And to a six year old girl  in the early 1980's, there wasn't much more wonderful than a mermaid (unless you could produce a unicorn).
The mermaid show at Weeki Wachee Springs has been running since the middle of the last century.
And I went to see it every single chance I got.
I almost think that I was more excited about seeing the mermaids than about seeing any of the various family members who had followed my grandparents' migration south.
For these mermaids were no mere mermaids.
They were also ballerinas, who danced their dance deep under the spring.
They ate bananas.
They drank bottles of Coca-Cola.
Under water!!!
 
 
They were about as perfect as things could get when you were a six year old girl.
Or even a slightly older girl,
who still believes anything is possible.
Even mermaids.
xo

29 May, 2013

On The Road Again

{J.D. Salinger writes. At a nudist colony.}
 
Oh, hey there, hello again.
You're still here? Glad to see it.
Seems the last time I checked in, it was the dead of winter. And then this past weekend came, marking the official unofficial start to summer.
And that seemed as good a place as any to start this back up.
Summer.
The perfect time to start an adventure.
And we can go on this one together. A sort of virtual road-trip; a meandering journey through cyber space.
Jaunts to far-off lands that require no passports; stopping along the way to admire things that are often pretty; sometimes wondrous.
An odyssey. An exploration.
A new beginning.
Buckle up.
Because off we go!

26 February, 2013

Quiet is the New Loud

The world is a noisy place.
Traffic. Construction. Crowds. Other people's cell phone conversations. Horns. Bells. Whistles.
It can be hard to shut that out; even if it is managed, there's still the noise within to contend with.
All of the thoughts, the plans, the ideas.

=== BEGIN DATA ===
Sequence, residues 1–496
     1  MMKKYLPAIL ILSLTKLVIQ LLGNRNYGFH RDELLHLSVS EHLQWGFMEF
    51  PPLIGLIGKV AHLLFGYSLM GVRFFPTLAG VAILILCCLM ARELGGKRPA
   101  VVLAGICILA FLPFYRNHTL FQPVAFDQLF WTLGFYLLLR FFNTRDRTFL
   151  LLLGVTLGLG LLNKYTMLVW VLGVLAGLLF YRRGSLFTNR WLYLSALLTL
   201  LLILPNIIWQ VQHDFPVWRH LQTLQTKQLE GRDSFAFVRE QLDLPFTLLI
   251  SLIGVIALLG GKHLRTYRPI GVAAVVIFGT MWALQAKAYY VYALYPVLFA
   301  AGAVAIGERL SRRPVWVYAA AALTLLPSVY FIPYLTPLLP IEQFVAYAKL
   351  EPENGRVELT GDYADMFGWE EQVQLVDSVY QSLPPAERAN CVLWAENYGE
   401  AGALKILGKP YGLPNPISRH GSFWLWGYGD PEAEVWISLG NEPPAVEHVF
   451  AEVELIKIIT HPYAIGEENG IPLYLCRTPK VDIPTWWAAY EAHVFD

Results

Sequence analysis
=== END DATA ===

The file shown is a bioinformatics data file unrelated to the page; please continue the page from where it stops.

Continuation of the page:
The never ending list running through your mind of all the things that need to be done, the things that have already been done: were they done well enough? Could they have been done better?
Searching through all of the memories, facts, useless information stored in the deepest recesses of your brain, trying in vain to find the punch line to the joke you were in the middle of telling.
The fragment of song that has been stuck on repeat for your ears only.
Not to mention the distractions.
Finding a moment of stillness, of quiet and peace, is fleeting at best.
But that fleeting moment is just what Mexican photographer Miguel Morales (Oidos Sordos) manages to capture in his beautiful, double-exposed portraits.
Superimposing nature scenes, cityscapes, and sunsets over top of human profiles, Morales creates images of internal stillness and reflection.

 
 
 
xo
 



21 January, 2013

Metal Baby

I have spent the better part of this brand new year completely immersed in jewelry.
Turning old brooches into floral garden bib necklaces, the bigger the better.
Turning slightly smaller flower collages into corsage-like cuff bracelets.
Re-imagining old clip-on earrings, marrying them with natural stones to give them a more modern nod.
And just about anything not nailed down is now a cocktail ring; enough for every finger.
Rebuilding my collection; so much of what had been there found its way under the Christmas trees and stuffed in the stockings of lucky ladies all over Philadelphia and beyond.
The necessity for this rebuilding at such a fast and furious rate is the upcoming
 Clover Market Winter Market, which promises to be big.
And it's that promise that has me spending equal amounts of time staring into space in an uninspired panic.
 During those times of panic, I often find myself wasting hours online, clicking and searching and hoping to find that missing bit of inspiration.
And every now and then, I stumble upon something that grabs me and shakes me and makes me say wow.
Like these uh-mazing pieces by Taiwanese designer Heng Lee.
 
 
 
 
Combining metal pieces that look almost pixilated with embroidery inspired by traditional Chinese design, Lee's strange bedfellows make for the perfect marriage of modern vs. ancient, soft vs. hard.
And they are completely inspired.
xo